Tuesday, October 23, 2012

Preparing For Your First Ironman Triathlon (IMWA), Part 3

Leadership Lessons From: Teo Hui Koon, Educator and 2-Time Ironman Western Australia Finisher

I think of all of us, I have the least number of finishes. I did IMWA twice in 2009 and 2010; and the inaugural Challenge Cairns in 2011. Had signed up and prepared for Ironman Japan in June 2010, before it got cancelled one week before the race due to the mad cow disease epidemic. This year will be my third attempt at IMWA.
Photo-credit: Richard Leong
I usually train 5-6 months prior to the Ironman triathlon, as I believe in doing my best. The reason being: Ironman is an expensive overseas race, and having spent so much on it, I will want to be as prepared as I can and make sure it counts. After all, I only travel for Ironman races, and nothing else.

Everybody knows that WA is a flat course, but Ironman is, in no way, easy. Regardless of what many say, this is still a 3.8km swim, 180km bike and a 42km run – done, consecutively, with no rest in-between. I have seen how many who are great in any of one sport, but do not do well in an Ironman. One rule of the thumb which I learn from my Coach, Craig ‘Fox’ Holland – it's about knowing how to be patient in the race and not be aggressive in any one of the discipline. I will rather play it safe and end strong with energy left in the tank, then running half the race with an empty one.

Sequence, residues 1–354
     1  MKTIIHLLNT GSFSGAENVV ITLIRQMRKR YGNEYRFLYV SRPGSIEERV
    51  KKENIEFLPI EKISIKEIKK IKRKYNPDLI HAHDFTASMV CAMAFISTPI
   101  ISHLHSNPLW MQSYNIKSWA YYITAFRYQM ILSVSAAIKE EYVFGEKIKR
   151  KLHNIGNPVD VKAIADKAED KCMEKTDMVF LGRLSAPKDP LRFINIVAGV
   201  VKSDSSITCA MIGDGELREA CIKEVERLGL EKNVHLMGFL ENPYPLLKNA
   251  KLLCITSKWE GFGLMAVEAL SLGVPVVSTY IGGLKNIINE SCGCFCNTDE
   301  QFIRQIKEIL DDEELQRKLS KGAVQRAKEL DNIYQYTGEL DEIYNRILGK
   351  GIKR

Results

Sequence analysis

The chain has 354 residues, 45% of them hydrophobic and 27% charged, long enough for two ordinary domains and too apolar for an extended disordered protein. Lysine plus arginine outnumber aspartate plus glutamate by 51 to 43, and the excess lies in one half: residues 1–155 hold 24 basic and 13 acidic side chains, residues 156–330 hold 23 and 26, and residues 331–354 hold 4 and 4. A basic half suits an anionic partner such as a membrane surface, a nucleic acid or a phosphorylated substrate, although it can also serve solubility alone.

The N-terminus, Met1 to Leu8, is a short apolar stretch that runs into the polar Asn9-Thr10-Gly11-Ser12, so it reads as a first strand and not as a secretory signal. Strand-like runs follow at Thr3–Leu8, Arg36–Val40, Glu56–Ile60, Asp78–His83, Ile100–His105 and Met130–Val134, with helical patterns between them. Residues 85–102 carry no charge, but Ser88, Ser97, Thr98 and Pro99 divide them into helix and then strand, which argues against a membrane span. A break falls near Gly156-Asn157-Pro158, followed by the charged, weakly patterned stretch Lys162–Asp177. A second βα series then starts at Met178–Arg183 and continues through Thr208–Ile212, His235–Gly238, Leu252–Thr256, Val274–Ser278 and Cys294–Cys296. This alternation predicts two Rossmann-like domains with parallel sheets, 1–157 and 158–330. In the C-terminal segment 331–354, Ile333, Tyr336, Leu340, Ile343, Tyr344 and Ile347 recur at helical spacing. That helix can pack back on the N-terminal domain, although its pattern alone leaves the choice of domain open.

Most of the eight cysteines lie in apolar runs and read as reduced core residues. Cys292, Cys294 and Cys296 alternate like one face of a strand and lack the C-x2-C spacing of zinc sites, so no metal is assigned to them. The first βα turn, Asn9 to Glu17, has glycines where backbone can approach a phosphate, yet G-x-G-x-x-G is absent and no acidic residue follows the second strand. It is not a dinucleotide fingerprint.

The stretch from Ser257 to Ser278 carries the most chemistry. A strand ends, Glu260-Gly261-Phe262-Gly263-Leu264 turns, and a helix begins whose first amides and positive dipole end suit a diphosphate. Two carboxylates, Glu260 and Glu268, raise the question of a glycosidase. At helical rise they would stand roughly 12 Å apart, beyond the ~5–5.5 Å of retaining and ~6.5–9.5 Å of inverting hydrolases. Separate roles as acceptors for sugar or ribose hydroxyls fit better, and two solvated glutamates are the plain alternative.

This may be my 3rd attempt at the same location, but I learnt to respect the Ironman distance triathlon. There are many things that can change the race for the athlete. I will not go into the race thinking I know the course well enough. There are weather conditions that will change the race, perhaps, like more current and stronger winds on the ride.

Preparation comes in three forms: Physical, mental and mechanical. We all know that we need to train the physical bit. But the mental side is just as crucial. Remind yourself to ignore the little devil telling you to give it up, that you can't do it at the swim start; during the bike when your quads are burning from the 6-7hrs of pushing the crank; and the cramps that will occur at the strangest parts of the body during the run. The mechanical: yes, do service your bike AND bring it out for a ride to test it out. You wouldn't want the bike to have brake-rub, or any mechanical failure during the race. Yes, I have experienced the brake-rub for a good 90km, before – in my first Ironman. And believe me, it's not something you will want to experience: Because, it will totally wreck the confidence during your run.
Photo-credit: Le Giang
And having said all these, soak the atmosphere all in, when you enter the finishing chute. Nobody can experience that for YOU. And enjoy THAT moment. Because YOU deserve it! All the hard work, all the sacrifices, the early-morning training, the huff and puff sessions on the track or on the trail, the sun on your back while riding – and the list continues. Remember: YOU ARE AN IRONMAN!

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